SH2 domains are critical for regulating the location and activity of proteins and play a key role in cellular signal transduction that, when abnormal, drives certain inflammatory disorders and cancers. They are small modules found in many proteins that mediate protein-protein interactions by binding to phospho-tyrosine containing motifs. There are 120 SH2 domains identified in humans (Molecular Cell, vol. 22, p.851-868).
Discovered over 30 years ago, SH2 domains have been widely recognized as attractive drug targets in many disease pathways. However, until recently, efforts to develop drug-like compounds to inhibit their function have been unsuccessful, and SH2 domains therefore have been considered undruggable.
Recludix’s SH2-focused platform integrates new chemical approaches and technologies to overcome this challenge, enabling the successful development of potent, selective and drug-like SH2 domain inhibitors.
There are numerous proteins implicated in disease pathology that have SH2 domains. Recludix’s initial programs are focused on Signal Transducer and Activator of Transcription (STAT) proteins found within the Janus Kinase (JAK)/STAT signaling pathway. The company is also advancing a program focused on another, as yet undisclosed, SH2 domain target.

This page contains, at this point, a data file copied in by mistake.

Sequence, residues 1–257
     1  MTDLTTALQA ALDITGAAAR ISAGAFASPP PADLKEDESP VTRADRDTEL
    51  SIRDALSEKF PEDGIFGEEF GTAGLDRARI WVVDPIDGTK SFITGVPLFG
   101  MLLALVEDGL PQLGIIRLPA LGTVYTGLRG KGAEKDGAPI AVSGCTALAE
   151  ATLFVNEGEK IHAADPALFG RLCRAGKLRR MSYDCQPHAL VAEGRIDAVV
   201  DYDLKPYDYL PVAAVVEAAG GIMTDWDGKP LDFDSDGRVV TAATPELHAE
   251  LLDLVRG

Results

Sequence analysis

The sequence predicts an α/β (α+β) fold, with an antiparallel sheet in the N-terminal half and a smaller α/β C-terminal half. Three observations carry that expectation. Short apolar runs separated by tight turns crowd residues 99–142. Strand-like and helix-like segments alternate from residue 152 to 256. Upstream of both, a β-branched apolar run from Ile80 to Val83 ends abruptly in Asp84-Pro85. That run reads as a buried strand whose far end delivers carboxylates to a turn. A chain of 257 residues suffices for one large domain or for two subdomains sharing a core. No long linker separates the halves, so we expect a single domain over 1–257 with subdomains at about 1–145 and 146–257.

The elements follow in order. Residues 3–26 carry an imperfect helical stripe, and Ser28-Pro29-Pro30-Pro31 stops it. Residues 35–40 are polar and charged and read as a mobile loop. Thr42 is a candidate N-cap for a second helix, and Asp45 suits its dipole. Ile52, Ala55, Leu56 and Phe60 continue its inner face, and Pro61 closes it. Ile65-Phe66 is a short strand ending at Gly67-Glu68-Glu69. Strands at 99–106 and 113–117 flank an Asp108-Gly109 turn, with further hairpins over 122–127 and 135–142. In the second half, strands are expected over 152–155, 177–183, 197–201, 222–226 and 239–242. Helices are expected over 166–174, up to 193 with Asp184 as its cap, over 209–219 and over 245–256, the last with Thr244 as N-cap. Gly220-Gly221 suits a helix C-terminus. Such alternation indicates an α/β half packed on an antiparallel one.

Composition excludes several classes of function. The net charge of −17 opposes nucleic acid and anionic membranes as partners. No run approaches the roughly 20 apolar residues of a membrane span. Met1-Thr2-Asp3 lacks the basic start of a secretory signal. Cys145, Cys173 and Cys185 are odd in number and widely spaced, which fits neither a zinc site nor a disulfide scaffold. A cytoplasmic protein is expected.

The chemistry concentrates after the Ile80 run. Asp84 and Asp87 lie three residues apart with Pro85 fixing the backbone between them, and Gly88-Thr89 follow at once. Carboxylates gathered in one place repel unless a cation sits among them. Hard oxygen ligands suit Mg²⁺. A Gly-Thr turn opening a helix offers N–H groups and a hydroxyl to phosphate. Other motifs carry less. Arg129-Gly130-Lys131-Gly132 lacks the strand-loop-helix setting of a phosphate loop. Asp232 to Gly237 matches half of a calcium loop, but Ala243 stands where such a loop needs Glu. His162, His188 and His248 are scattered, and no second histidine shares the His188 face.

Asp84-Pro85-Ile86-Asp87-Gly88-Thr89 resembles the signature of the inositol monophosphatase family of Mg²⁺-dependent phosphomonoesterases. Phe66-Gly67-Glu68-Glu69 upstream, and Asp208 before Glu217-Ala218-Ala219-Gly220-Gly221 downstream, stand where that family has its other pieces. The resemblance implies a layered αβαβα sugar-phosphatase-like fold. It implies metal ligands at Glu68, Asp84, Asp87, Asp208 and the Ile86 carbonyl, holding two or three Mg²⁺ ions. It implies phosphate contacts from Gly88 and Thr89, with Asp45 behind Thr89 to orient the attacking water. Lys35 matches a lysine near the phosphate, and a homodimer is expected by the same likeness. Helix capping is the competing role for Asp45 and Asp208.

Targeting STAT Proteins
JAK/STAT signaling pathways play a privileged role in the immune system, regulating the growth, differentiation and activity of many types of immune cells. JAK/STAT pathways are abnormally activated in many inflammatory diseases as well as many cancers of the immune system. Targeting JAK/STAT pathways to treat inflammatory diseases and cancer has been clinically validated as an effective strategy by the success of JAK and TYK2 kinase inhibitors.
STAT proteins are found downstream in the JAK/STAT pathway, and therefore selective STAT inhibitors are predicted to be more targeted agents with fewer side effects. STAT proteins are both signaling proteins and transcription factors. They are phosphorylated, and thereby activated, by JAK family kinases in response to cytokine stimulation. Upon activation, STAT proteins dimerize and translocate to the nucleus, where they activate transcriptional programs that drive cell growth, differentiation and function. Each of the seven STAT proteins (STAT1, STAT2, STAT3, STAT4, STAT5A, STAT5B, STAT6) contain an SH2 domain that mediates the two activities required for STAT proteins to act as transcription factors – their activation by cytokine stimulation and their dimerization. The inhibition of SH2 domains therefore interferes with STAT protein activity at multiple levels and provides an efficient and selective means to inhibit JAK/STAT signaling.